What is in this article?:
- Fairway Sees Big Potential in Expansion
- Directors, Senior Executives
“We believe that our distinctive merchandising strategy has enabled us to build a trusted connection with our customers, who value the quality and fair prices of our food, our merchandising teams’ expertise and our one-stop-shopping convenience.”
Directors, Senior Executives
The filing also disclosed Fairway’s board of directors and a senior executive team, installed this spring under Herbert Ruetsch, the chief executive who succeeded Howard Glickberg in February.
Ruetsch joined Fairway in 1998 after 16 years at Grand Union, and formerly served as Fairway’s president, chief operating officer and chief financial officer. His team consists of William Sanford, president and chief financial officer; Kevin McDonnell, chief operating officer; Nathalie Augustin, general counsel; Aaron Fleishaker, senior vice president, real estate and development; Brian Riesenburger, chief merchandising officer; Larry Santoro, chief administrative officer; and Peter Romano, vice president of produce. These eight serve on a board of directors chaired by Sterling co-founder Charles Santoro and also including Howard Glickberg, identified as a director and vice chairman of development; and Daniel Glickberg, Howard’s son and a Fairway vice president. Three other Sterling appointees are also on the board.
McDonnell was named COO in March and previously served as Fairway’s chief merchandising officer. He is a 27-year veteran of A&P, serving most recently as a senior vice president of sales and marketing. Sanford, named president in March and chief financial officer in April, has served Fairway since 2008 and is an operating partner at Sterling.
The company said it would use proceeds from the IPO — reportedly $150 million although the filing last week did not include precise figures — to fund an unspecified dividend for its owners and to support Fairway’s growth plans. It would list “Class A” stock on the NASDAQ exchange under the symbol FWM. The company, which filed as Fairway Group Holdings Corp., would remain a “controlled company” with less stringent requirements concerning the independence of the board of directors and its committees under the corporate governance rules of NASDAQ. Also, as an “emerging growth company” under the JOBS Act, Fairway is permitted rely on exemptions from certain accounting and executive compensation disclosure and stockholder advisory vote requirements that are applicable to other public companies.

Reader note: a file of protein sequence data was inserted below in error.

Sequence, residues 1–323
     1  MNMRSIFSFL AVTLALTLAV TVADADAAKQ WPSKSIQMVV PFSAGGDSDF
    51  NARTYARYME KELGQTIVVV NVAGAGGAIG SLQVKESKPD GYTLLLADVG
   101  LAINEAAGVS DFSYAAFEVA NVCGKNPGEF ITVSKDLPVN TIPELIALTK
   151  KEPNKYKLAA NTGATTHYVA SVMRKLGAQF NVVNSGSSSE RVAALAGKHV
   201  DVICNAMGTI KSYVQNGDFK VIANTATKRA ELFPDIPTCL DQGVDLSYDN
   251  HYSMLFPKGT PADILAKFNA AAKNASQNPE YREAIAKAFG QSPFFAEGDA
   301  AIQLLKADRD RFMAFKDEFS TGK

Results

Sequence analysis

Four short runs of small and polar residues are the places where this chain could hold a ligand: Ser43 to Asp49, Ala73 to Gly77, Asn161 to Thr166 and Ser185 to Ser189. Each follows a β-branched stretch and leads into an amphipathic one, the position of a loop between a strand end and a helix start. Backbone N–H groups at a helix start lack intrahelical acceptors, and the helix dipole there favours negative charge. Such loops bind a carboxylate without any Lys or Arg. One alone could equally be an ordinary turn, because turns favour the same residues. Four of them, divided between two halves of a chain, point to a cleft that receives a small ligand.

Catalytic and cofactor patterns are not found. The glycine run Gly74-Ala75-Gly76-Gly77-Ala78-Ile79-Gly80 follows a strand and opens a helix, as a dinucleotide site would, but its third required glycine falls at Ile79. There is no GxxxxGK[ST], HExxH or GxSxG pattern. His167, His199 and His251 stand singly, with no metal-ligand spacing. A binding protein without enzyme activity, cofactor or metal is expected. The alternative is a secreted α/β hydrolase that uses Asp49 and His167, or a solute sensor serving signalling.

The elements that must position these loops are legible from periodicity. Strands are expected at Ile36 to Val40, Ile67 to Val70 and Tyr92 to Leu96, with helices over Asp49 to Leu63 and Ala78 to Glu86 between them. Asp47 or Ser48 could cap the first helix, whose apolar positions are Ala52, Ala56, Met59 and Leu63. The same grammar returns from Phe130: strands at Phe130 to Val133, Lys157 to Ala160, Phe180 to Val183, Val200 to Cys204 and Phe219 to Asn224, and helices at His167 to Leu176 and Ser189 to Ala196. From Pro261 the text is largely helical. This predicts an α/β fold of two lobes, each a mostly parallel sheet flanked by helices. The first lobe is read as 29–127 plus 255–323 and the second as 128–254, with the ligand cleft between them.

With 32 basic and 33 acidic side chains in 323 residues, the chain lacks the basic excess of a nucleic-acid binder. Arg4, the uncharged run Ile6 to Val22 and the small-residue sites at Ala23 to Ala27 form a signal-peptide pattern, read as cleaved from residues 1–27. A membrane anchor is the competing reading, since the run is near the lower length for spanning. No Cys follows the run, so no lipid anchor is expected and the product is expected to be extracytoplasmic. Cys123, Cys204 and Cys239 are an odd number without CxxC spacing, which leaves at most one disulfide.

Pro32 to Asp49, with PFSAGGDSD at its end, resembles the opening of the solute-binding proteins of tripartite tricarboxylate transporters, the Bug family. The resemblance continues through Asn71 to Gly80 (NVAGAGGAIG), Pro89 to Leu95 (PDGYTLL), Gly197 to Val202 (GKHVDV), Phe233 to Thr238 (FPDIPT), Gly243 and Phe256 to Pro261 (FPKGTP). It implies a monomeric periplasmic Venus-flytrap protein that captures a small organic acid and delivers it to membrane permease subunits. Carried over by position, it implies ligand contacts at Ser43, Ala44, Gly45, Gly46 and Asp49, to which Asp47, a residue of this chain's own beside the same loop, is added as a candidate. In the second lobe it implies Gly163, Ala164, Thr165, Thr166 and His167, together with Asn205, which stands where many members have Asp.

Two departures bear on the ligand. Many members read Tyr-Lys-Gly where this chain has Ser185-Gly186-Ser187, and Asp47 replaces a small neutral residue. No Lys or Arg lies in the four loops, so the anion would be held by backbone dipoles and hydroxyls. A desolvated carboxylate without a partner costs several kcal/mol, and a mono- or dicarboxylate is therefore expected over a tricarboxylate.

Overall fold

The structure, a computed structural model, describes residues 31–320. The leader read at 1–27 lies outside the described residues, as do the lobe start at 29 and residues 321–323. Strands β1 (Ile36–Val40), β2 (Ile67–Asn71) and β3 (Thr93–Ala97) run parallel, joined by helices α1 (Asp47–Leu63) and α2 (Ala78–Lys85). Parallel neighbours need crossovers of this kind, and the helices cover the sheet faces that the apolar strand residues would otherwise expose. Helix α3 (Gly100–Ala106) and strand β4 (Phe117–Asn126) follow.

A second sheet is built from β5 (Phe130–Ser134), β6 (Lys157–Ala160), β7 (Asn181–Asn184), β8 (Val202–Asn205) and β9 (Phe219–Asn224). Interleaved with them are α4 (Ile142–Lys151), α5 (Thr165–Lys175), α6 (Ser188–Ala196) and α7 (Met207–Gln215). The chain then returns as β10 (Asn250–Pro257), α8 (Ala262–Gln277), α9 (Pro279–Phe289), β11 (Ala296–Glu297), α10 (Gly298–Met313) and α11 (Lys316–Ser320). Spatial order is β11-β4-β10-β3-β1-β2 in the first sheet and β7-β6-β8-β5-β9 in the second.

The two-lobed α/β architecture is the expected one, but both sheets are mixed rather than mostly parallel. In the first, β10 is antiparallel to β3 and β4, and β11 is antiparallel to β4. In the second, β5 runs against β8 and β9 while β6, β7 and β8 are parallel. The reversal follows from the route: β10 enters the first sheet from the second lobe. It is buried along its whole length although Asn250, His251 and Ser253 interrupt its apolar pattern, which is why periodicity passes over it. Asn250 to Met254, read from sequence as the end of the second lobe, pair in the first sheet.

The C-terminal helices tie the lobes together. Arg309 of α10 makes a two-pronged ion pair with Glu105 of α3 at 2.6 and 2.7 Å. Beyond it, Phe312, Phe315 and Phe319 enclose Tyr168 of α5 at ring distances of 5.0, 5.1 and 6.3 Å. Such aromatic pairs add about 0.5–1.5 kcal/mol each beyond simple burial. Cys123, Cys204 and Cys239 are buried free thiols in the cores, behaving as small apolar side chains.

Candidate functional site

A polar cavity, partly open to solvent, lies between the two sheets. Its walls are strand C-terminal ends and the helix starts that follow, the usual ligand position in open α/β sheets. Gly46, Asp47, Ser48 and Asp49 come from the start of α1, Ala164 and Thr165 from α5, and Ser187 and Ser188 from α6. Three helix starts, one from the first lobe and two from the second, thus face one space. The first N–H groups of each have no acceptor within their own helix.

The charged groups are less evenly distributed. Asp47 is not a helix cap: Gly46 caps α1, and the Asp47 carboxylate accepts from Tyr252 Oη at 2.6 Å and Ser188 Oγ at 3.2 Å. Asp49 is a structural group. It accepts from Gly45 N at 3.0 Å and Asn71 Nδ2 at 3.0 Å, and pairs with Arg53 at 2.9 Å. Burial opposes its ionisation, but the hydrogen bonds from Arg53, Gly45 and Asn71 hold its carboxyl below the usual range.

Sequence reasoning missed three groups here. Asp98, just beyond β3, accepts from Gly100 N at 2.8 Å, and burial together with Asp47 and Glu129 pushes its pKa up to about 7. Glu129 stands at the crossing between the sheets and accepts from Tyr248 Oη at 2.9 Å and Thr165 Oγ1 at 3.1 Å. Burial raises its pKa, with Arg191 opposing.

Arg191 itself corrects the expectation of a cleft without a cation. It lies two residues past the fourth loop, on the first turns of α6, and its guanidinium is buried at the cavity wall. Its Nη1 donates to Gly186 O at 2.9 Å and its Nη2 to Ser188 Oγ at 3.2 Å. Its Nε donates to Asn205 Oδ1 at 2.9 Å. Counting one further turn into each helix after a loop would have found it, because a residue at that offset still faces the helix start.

In other details:
• The company detailed an agreement with Boone, Iowa-based supermarket operator Fareway Stores, prohibiting the New York entity from using the “Fairway” name on stores except on the East Coast, California and in certain parts of Michigan and Ohio. A separate settlement prohibits Fairway from opening any new stores under that name in the New Jersey counties of Bergen, Essex, Hudson and Passaic, following a dispute with a different retailer in Fort Lee, N.J., also using the Fairway name. “We believe this agreement will preclude us from opening one store that we otherwise might have opened in this territory,” the company said.
Read more: New York's Fairway Mulls IPO
• A Department of Homeland Security audit last year revealed that Fairway’s Pelham Manor store in the Bronx employed as many as 55 workers who did not have valid employment authorization documents. As a result of that investigation, Fairway fired 35 workers this spring and may still face fines or other penalties as a result of the audit.
• The company’s flagship store on Broadway in New York’s Upper West Side may face disruption as a result of potential renovations or rebuilding of the property. The landlord for a building above half of the store may terminate Fairway’s lease to make these renovations in 2017.
• The company is in a dispute with the landlord of its Red Hook store in Brooklyn over utility expenses.
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